On his turn, he draws into Gitaxian Probe and Probes me. Sees that I have no other mana-producing land and rightfully Wastelands me. I lose a few turns after with two Delvers stranded in hand. Since he draws the Probe, playing Delver would have yielded little benefit. The chances of him not having an answer to a flipped Delver over five turns would be slim-to-none.

A little bittersweet, but them’s the breaks. It’s all about variance. Given the same hand and situation, I think I would 100% keep the same hand and roll with it.

Zilong goes on to the Finals and wins the whole thing, effectively managing to Top-2 both events. Now that is some kind of Delver mastery!



I had a great time, played some challenging matches, and hung out with a bunch of Beijing players. I really can’t complain about the weekend overall.

The mindset advice from Will Jonathan really made the difference in day 2. I didn’t beat myself up over play mistakes and started “clean” each round. No frustration and no entitlement of winning. It felt great and I hope to duplicate the same mentality in future tournaments.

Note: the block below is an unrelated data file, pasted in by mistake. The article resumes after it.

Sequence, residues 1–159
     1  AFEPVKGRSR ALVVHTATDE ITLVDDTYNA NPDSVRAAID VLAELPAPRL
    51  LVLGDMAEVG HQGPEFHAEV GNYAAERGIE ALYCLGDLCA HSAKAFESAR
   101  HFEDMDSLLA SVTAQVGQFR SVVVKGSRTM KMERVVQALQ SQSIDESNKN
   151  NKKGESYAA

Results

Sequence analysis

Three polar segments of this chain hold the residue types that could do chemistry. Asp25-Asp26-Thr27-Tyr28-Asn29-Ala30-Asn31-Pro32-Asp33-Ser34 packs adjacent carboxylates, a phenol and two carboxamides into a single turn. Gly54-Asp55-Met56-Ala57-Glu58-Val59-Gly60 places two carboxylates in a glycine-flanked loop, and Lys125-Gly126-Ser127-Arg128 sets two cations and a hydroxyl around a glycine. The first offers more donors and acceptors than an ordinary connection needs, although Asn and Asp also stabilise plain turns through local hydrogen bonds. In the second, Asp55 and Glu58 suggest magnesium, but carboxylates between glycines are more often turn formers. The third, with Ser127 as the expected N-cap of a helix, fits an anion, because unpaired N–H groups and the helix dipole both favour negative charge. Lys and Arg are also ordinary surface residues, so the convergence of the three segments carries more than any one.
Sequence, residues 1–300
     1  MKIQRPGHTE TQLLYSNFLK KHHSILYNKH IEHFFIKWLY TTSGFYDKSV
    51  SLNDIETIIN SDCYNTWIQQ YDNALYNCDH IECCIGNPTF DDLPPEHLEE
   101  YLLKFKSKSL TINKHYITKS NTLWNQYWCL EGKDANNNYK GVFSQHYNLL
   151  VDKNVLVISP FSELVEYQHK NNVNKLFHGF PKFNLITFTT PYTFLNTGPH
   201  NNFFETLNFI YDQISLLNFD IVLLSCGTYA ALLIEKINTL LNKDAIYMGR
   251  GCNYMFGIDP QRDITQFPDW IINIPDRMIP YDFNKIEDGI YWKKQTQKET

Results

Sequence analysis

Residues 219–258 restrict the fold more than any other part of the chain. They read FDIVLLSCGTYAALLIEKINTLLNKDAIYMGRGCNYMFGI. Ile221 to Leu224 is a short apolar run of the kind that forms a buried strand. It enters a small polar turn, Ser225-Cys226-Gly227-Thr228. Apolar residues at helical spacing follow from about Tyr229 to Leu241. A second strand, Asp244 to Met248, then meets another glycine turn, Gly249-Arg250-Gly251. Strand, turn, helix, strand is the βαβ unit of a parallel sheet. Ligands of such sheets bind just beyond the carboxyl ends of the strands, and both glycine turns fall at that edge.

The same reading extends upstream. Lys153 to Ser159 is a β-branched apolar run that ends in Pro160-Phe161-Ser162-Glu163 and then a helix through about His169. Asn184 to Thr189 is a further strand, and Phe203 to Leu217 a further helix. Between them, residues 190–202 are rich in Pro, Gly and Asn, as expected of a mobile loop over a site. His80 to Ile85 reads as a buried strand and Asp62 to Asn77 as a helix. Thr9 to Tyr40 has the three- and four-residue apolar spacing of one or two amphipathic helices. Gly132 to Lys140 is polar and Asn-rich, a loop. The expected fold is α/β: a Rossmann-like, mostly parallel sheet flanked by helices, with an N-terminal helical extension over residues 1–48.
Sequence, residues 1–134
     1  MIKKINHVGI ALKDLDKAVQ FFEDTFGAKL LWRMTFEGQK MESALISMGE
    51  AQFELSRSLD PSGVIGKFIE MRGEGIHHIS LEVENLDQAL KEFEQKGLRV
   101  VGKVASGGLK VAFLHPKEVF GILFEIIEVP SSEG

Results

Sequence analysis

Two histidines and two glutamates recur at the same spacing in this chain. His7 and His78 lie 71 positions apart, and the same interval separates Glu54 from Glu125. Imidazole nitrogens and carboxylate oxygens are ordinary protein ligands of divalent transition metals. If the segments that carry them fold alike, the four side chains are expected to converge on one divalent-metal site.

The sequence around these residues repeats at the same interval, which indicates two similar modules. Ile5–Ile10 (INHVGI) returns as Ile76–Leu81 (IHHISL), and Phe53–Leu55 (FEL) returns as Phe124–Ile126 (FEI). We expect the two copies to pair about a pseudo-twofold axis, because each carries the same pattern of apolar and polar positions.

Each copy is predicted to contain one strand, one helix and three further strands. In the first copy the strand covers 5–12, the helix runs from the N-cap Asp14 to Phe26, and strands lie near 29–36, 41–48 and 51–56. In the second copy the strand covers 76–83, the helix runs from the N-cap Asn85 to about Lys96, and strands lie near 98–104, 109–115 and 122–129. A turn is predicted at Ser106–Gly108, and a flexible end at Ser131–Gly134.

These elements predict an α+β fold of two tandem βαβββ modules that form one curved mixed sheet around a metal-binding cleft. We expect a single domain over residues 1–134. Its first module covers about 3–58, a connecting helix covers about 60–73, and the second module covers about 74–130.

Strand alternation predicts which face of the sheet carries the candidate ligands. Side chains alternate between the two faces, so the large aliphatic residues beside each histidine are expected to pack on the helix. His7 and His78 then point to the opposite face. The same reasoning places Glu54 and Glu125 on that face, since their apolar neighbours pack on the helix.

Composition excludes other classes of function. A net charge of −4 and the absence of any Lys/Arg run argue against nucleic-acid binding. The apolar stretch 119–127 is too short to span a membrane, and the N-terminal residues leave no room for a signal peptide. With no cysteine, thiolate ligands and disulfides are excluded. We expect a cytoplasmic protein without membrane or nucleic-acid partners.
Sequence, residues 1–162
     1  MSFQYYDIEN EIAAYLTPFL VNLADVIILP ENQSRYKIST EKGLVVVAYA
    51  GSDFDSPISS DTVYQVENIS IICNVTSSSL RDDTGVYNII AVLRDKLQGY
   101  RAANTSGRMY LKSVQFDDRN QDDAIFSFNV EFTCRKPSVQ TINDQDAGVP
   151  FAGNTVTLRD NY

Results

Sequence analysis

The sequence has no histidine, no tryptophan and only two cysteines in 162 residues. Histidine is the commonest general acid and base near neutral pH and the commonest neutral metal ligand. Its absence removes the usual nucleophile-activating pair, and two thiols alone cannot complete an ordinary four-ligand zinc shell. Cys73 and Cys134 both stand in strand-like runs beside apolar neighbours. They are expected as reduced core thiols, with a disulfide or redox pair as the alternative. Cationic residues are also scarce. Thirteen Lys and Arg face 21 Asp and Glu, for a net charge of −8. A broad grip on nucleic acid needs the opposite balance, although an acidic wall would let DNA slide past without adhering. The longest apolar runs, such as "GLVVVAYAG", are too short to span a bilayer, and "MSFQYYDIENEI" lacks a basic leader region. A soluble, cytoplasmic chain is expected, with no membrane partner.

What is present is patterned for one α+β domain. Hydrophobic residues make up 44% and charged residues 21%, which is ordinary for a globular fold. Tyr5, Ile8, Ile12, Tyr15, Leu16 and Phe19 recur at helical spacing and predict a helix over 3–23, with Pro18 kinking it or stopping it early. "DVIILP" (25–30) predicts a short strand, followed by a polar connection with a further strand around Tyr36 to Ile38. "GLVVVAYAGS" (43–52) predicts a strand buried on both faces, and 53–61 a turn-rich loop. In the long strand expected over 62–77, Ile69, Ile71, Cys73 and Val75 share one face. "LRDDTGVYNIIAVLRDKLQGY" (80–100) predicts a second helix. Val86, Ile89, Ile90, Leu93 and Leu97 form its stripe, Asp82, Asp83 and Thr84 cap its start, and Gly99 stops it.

Next stop – Eternal Weekend! It’s gonna be a long flight, but I look forward to it. And learning how to Vintage is going to be a lot of fun.

Obligatory props and slops 

2017 Honda Civic Hatchback Sport Touring


  • Yuan Tian, the tournament organizer, for running such an awesome tournament with stacked prizes. Check out the Facebook page for more info!
  • Will Jonathan for being an awesome advisor. Check out his CFB content if you haven’t already!
  • Zilong, for hooking me up with the sweet Honda Civic Delver decklist!
  • Gitaxian Probe. This card waaaaaaay overperformed in the tournament. Being able to see your opponent’s card at effectively no cost feels…overpowered.
  • Guangzhou food and drinks. BBQ pork and bubble tea were delicious.
  • “God hands.” LOL.


  • Airlines, for cancelling all flights on Sunday from Guangzhou to Beijing due to light rain. Come on, now. Rebooking flights between rounds was not exactly a pleasant activity.
  • Nothing else, really. The tournament itself was awesome!

If you’ve read this far, thank you for tolerating my heavy-handedness and propensity to rant. If you’re ever in China, hit me up and I’ll introduce you to some Legacy tournaments!